MIN FILLED   131 - 144     5.4 - 5.9    
 30% GLASS   148 - 173     6.0 - 7.0    
 TYPE 66   153 - 168     6.3 - 6.9    
 MIN FILLED   151 - 159     6.2 - 6.5    
 30% GLASS   142 - 192     5.8 - 7.9    
 TYPE 69   250 - 276     9.7 - 10.7    
 TYPE 6/10   286 - 313     12.4 - 13.6    
 TYPE 612   400     15.3    
 30% GLASS   309 - 311     14.7    
 40% GLASS   309     14.7    
 TYPE 46   295     12.6    
 TYPE 11   329 - 341     13.6 - 14.1    
 30% GLASS   331 - 350     15.0 - 15.8    
 40% GLASS   347 - 360     17.7 - 18.5    
 TYPE 12   318 - 341     12.1 - 13.0    
 30% GLASS   327 - 350     14.7 - 15.8    
 50% GLASS   299 - 340     15.6 - 17.8    
 TRANSPARENT AMORPHOUS   247 - 360     10.3 - 15.0    


 PHENOLIC MOLD COMP 

75   

3.8   
 
 REINFORCED GRADES   105 - 268     6.1 - 16    


 POLYAMIDE-IMIDEg 

  

  
 
 UNFILLED   2750     148.5    
 30% GLASS   2500     135    
 30% CARBON FIB.   3500     185    


 POLYARYLATE 

200 - 280   

8.8 - 12.3   
 


 POLYARYL SULFONE 

440   

21.8   
 


 POLYBUTYLENE 

  

  
 
 G-P   94 - 96     3.1    
 FILM   88 - 91     2.9    
 PIPE          
 COLD WATER   116 - 120     3.9 - 4.0    
 HOT WATER   162 - 166     5.5 - 5.6    


 POLYCARBONATE 

  

  
 
 INJECTION   138 - 165     5.9 - 7.0    
 20% GLASS   177 - 190     7.6 - 8.2    
 30% GLASS   178 - 217     7.6 - 9.3    
 EXTRUSION   145 - 180     6.3 - 7.8    
 BLOW MOLD   155 - 190     6.7 - 8.2    
 STRUCT FOAM   149 - 181     6.4 - 7.8    
 20% GLASS   235 - 255     10.1 - 11.0    
 FR   166 - 197     7.1 - 8.5    
 CD   140 - 200     6.0 - 8.6    


 POLYESTER (TP) PBT TYPE 

  

  
 
 UNFILLED   145 - 150     6.8 - 7.0    
 HI-IMP   160 - 165     8.4 - 8.6    
 30% GLASS, FR   190 - 210     11.2 - 12.5    
 STRUCT FOAM   159 - 165     NAd    


 PET 

  

  
 
 BOTTLE (RAILCAR)   78 - 80     4.0    
 MOD PET          
 30% GLASS   132 - 143     7.4    
 55% GLASS   148 - 155     9.8    
 30% GLASS FLAME RET   147 - 157     9.2    
 PETG COPOL   114 - 124     5.2 - 5.6    
 RESIN GRADEb¢/LB¢/CU INc 


 POLYESTER THERMOSET 

  

  
 
 G-P ORTHO   137 - 147     NAd    
 ISOPHTHALIC   165 - 180     NAd    
 BIS-A   210 - 220     NAd    


 PEEK 

4400   

231   
 
 30% GLASS   3300     173    


 POLYETHERIMIDE 

641 - 646   

29.3 - 29.5   
 
 30% GLASS   526 - 531     24.0 - 24.2   


 POLYETHERKETONE (PEK) 

2950   

130.1   
 
 30% GLASS   2600     153    


 POLYETHERSULFONE 

350 - 400   

17.2 - 19.7   
 
 30% GLASS   425 - 525     21 - 25.9    


 POLYETHYLENE (RAILCAR) LDPE 

  

  
 
 G-P MOLDING & EXTRU   85 - 87     2.8    
 INJECTION   87 - 89     2.8 - 2.9    
 LID RESIN   89 - 91     2.9    
 LINER   84 - 86     2.7 - 2.8    
 CLARITY   83 - 85     2.7    
 EXTRU COATG   88 - 90     2.9    
 BLOW MOLD   90 - 92     2.9 - 3.0    


 LLDPE, BUTENE BASED 

  

  
 
 G-P MOLDING   72 - 74     2.4 - 2.5    
 LME 30-DAYj   57.1 Prices Went Down 
  2.0 Prices Went Down 
 
 FILM   74 - 76     2.5 - 2.6    
 ROTOMOLD   74 - 76     2.5 - 2.6    


 LLDPE, HAO-BASED 

  

  
 
 G-P MOLDING   77 - 79     2.6 - 2.7    
 LID RESIN   88 - 90     2.9 - 3.0    
 LINER FILM   81 - 83     2.7    


 HDPE 

  

  
 
 G-P INJ MOLD   74 - 76     2.5 - 2.6    
 FILM   83 - 85     2.8    
 BLOW MOLD   84 - 86     2.8    

 HMW-HDPE 

  

  
 
 BLOW MOLDING   81 - 83     2.7 - 2.8    
 FILM   82 - 84     2.7 - 2.8    
 PIPE   89 - 91     2.9    


 UHMW-PE 

100 - 125   

3.6 - 3.7   
 


 PPE/PPO BASED RESIN 

  

  
 
 INJECTION   180     6.8    
 20% GLASSh   283     12.3    
 30% GLASSh   291     13.3    
 EXTRUSIONh   242     9.2    
 STRUCT FM   231     NAd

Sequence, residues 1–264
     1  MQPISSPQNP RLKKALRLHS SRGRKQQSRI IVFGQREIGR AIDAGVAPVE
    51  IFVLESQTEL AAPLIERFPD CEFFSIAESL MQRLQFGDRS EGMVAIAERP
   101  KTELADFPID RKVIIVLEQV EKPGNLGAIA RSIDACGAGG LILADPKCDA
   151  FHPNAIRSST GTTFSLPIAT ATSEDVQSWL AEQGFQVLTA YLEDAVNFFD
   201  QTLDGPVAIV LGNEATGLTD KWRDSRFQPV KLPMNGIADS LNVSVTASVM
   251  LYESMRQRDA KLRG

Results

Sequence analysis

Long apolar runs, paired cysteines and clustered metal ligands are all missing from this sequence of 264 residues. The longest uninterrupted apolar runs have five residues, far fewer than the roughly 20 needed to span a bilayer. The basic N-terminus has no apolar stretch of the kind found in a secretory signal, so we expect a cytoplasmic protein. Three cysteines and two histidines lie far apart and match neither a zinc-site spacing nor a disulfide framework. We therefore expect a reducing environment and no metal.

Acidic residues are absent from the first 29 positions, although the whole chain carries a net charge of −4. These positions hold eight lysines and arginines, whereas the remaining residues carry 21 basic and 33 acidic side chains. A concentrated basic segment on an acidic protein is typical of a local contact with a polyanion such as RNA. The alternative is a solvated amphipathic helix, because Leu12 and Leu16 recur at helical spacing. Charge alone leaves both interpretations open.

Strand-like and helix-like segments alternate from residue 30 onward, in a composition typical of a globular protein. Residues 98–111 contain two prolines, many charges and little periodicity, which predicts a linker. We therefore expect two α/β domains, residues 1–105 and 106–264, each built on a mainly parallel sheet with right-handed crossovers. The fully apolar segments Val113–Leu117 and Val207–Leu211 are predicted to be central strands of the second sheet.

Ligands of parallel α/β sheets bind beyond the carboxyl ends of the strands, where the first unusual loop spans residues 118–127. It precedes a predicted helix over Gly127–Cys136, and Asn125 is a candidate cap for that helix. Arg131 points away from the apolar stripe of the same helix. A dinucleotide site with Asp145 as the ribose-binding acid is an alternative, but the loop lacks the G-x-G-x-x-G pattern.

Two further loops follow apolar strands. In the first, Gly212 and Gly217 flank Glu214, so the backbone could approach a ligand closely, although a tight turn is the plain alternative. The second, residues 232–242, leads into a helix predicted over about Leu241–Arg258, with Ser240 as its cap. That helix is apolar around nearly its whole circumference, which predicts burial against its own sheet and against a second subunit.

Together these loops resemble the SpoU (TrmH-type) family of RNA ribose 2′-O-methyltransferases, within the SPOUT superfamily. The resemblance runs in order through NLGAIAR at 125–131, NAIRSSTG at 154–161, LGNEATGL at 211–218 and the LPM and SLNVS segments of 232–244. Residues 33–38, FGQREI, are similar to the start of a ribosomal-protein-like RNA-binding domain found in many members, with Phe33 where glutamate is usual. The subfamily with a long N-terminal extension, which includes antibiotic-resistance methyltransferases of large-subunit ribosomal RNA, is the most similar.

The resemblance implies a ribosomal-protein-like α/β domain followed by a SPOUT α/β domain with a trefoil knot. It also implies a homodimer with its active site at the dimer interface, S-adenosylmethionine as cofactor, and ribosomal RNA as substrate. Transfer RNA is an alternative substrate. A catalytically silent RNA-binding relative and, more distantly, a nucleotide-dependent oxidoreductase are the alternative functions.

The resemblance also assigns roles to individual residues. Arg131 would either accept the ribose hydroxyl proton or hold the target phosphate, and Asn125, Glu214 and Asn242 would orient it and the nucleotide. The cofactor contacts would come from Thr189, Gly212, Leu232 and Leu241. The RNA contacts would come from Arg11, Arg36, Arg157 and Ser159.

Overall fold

PPS 

  

  
 
 40% GLASS   450 - 520     27.0 - 31.2   
 55% GLASS/MINERAL   345 - 420     22.7 - 27.7   
 65% GLASS/MINERAL   270 - 315     18.9 - 22.1   


 POLYPROPYLENE (RAILCAR) 

  

  
 
 G-P HOMOPOL INJECTION   84 - 86     2.6 - 2.7    
 LME 30-DAYj   57.4 Prices Went Up  
  1.9 Prices Went Up  
 
 EXTRUSION FIBER   83 - 85     2.6 - 2.7    
 PROFILES   87 - 89     2.8 - 2.9    
 RANDOM COPOL          
 BLOW MOLDING   88 - 90     2.8 - 2.9    
 FILM   88 - 90     2.8 - 2.9    
 INJECTION   87 - 89     2.8 - 2.9    
 IMPACT COPOL          
 MED IMP   98     3.2 - 3.3    
 HI IMP   100 - 102     3.3    


 POLYSTYRENE (RAILCAR) 

  

  
 
 G-P CRYSTAL   83 - 89 Prices Went Down 
  3.1 - 3.3 Prices Went Down 
 
 HI HEAT   86 - 92 Prices Went Down 
  3.2 - 3.4 Prices Went Down 
 
 HIPS   84 - 89 Prices Went Down 
  3.1 - 3.3 Prices Went Down 
 
 SUPER HI IMP   94 - 98 Prices Went Down 
  3.5 - 3.7 Prices Went Down 
 
 FR   99 - 107 Prices Went Down 
  3.7 - 4.0 Prices Went Down 
 
 STRUCT FM (FR)   105 - 108     NA    


 EPS 

  

  
 
 UNMODIFIED   85 - 88     NAd    
 MODIFIED   86 - 90     NAd    


 POLYSULFONE 

650 - 750   

29 - 33   
 
 10% GLASS 430 20.6   799 - 875     36 - 39    
 30% GLASS 372 20.01   699 - 775     31 - 35    


 POLYURETHANE (TP) 

  

  
 
 ESTER TYPE   185 - 255     8 - 11    
 ETHER TYPE   245 - 295     10.6 - 13    


 PU ISOCYANATES 

  

  
 
 POLYMERIC MDI   125 - 145     NAd    
 80/20 TDI   135 - 145     NAd    


 PVC RESIN (RAILCAR) 

  

  
 
 G-P HOMOPOL   54 - 56     NAd    
 PIPE   53     NAd    
 FILM   59 - 62     NAd    
 COPOLYMER FLOORING   69 - 74     NAd    
 DISPERSION HOMOPOLY   81 - 87     NAd    
 COPOLYMER   86 - 90     NAd    
 CPVC PIPE COMPOUND   119     NAd    


 PVDC 

  

  
 
 EXTRUDABLE   162     NAd    


 SILICONES 

  

  
 
 MOLD. COMP.   581 - 640     38.1 - 39.3   
 SPECIALTY GR.   891 - 3148    NAd    
 SILICONE/EPOXY   339 - 343     22.5 - 22.8   


 STYRENEACRYLIC 

108 - 112   

3.7 - 4.0   
 


 SAN (G-P) 

66 - 74   

2.5 - 2.8   
 


 STYRENE MALEIC ANHYDRIDE 

  

  
 
 G-P   110 - 115     4.2 - 4.3    
 HI IMP   130 - 140     4.2 - 4.5    
 FR   175 - 183     6.7 - 7.0    


 TP ELASTOMERS 

  

  
 
 OLEFINIC   70 - 76     2.4    
 POLYAMIDE   300 - 350     10.9 - 12.7   
 POLYESTER   200 - 310     8.8 - 13.6    
 STYRENIC   82 - 237     2.9 - 8.3    


 UREA MOLDING COMPOUND 

  

  
 
 BLACK & BROWN          
 WHITE & IVORY          


 VINYL ESTER 

  

  
 
 COR RES   218 - 235     NAd    
 HEAT & COR RES   243 - 248     NAd    

KEY: Colored areas indicate pricing activity. An arrow () indicates direction of price change. aTruckload, unless otherwise specified. bUnfilled, natural color, unless otherwise specified. cBased on typical or average density. dNot applicable. eNovolac and anhydride grades for coils, bushings, transformers. fNovolac and anhydride grades for resisitors, capacitors, diodes. gIn quantities of 20,000 lb. h19,800-lb load. jLME 30-day futures contract for lots of 54,564 lb..